Inside Iowa State
January 8, 1999
Year 2000 may pose problems for researchers
by Diana Pounds
Whether your research makes use of a brand name statistical package or a custom-developed computer program, you may face data problems when the year 2000 rolls around.
Researchers should check their software and computer programs for potential Y2K problems as soon as possible, says Computation Center system analyst Jeff Balvanz. "That will give them more time to work out fixes, if they're necessary."
The ISU Y2K Web page (www.y2k.iastate.edu/) provides information on two popular statistical programs -- SAS and SPSS. For example, SAS version 6.12 for both Macintosh and Windows will work properly after the year 2000 rollover, Balvanz said. However, SAS for MS-DOS 6.03 and 6.04 will not work and should be replaced.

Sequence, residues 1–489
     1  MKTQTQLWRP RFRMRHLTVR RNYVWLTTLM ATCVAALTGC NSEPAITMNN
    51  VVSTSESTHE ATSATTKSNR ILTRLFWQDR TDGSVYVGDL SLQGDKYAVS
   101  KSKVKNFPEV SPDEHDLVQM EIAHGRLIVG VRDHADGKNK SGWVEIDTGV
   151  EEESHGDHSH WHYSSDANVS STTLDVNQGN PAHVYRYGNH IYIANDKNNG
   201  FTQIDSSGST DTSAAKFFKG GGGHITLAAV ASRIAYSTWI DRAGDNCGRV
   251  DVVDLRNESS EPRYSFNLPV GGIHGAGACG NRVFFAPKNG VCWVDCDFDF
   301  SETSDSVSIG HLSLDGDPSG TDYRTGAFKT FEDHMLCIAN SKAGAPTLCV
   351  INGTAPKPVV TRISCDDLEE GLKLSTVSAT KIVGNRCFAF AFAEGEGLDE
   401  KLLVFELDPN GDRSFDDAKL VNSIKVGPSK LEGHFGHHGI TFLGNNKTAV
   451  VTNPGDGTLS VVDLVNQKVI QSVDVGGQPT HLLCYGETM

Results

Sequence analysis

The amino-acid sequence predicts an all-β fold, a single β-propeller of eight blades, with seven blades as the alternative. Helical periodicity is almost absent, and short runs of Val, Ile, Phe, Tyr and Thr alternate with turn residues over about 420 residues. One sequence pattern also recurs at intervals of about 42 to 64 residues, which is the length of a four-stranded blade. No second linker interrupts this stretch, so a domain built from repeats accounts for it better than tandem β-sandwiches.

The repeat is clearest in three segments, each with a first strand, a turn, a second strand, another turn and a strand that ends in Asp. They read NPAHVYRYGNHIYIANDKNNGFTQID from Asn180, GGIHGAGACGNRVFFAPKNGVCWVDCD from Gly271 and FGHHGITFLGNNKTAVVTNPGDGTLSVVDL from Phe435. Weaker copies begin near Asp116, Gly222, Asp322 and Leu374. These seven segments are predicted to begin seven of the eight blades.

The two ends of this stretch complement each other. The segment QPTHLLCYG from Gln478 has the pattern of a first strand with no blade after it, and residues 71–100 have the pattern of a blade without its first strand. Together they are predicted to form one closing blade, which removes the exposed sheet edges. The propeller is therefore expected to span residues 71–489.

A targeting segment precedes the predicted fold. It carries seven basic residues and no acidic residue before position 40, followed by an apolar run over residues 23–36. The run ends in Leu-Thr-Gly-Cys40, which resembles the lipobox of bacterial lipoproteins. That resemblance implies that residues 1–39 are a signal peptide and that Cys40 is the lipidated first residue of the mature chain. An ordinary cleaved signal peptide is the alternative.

SPSS should handle the year 2000 properly, although those who have been using two-digit dates for the year may have to specify some special settings on their software, Balvanz added.
"Those who are using a custom-designed program should check the program carefully to determine if there are Y2K problems. If so, they may need to cobble up a program to convert the data," Balvanz said.
If you have questions or concerns about how the Y2K problem may affect your research, check with your departmental Y2K coordinator.
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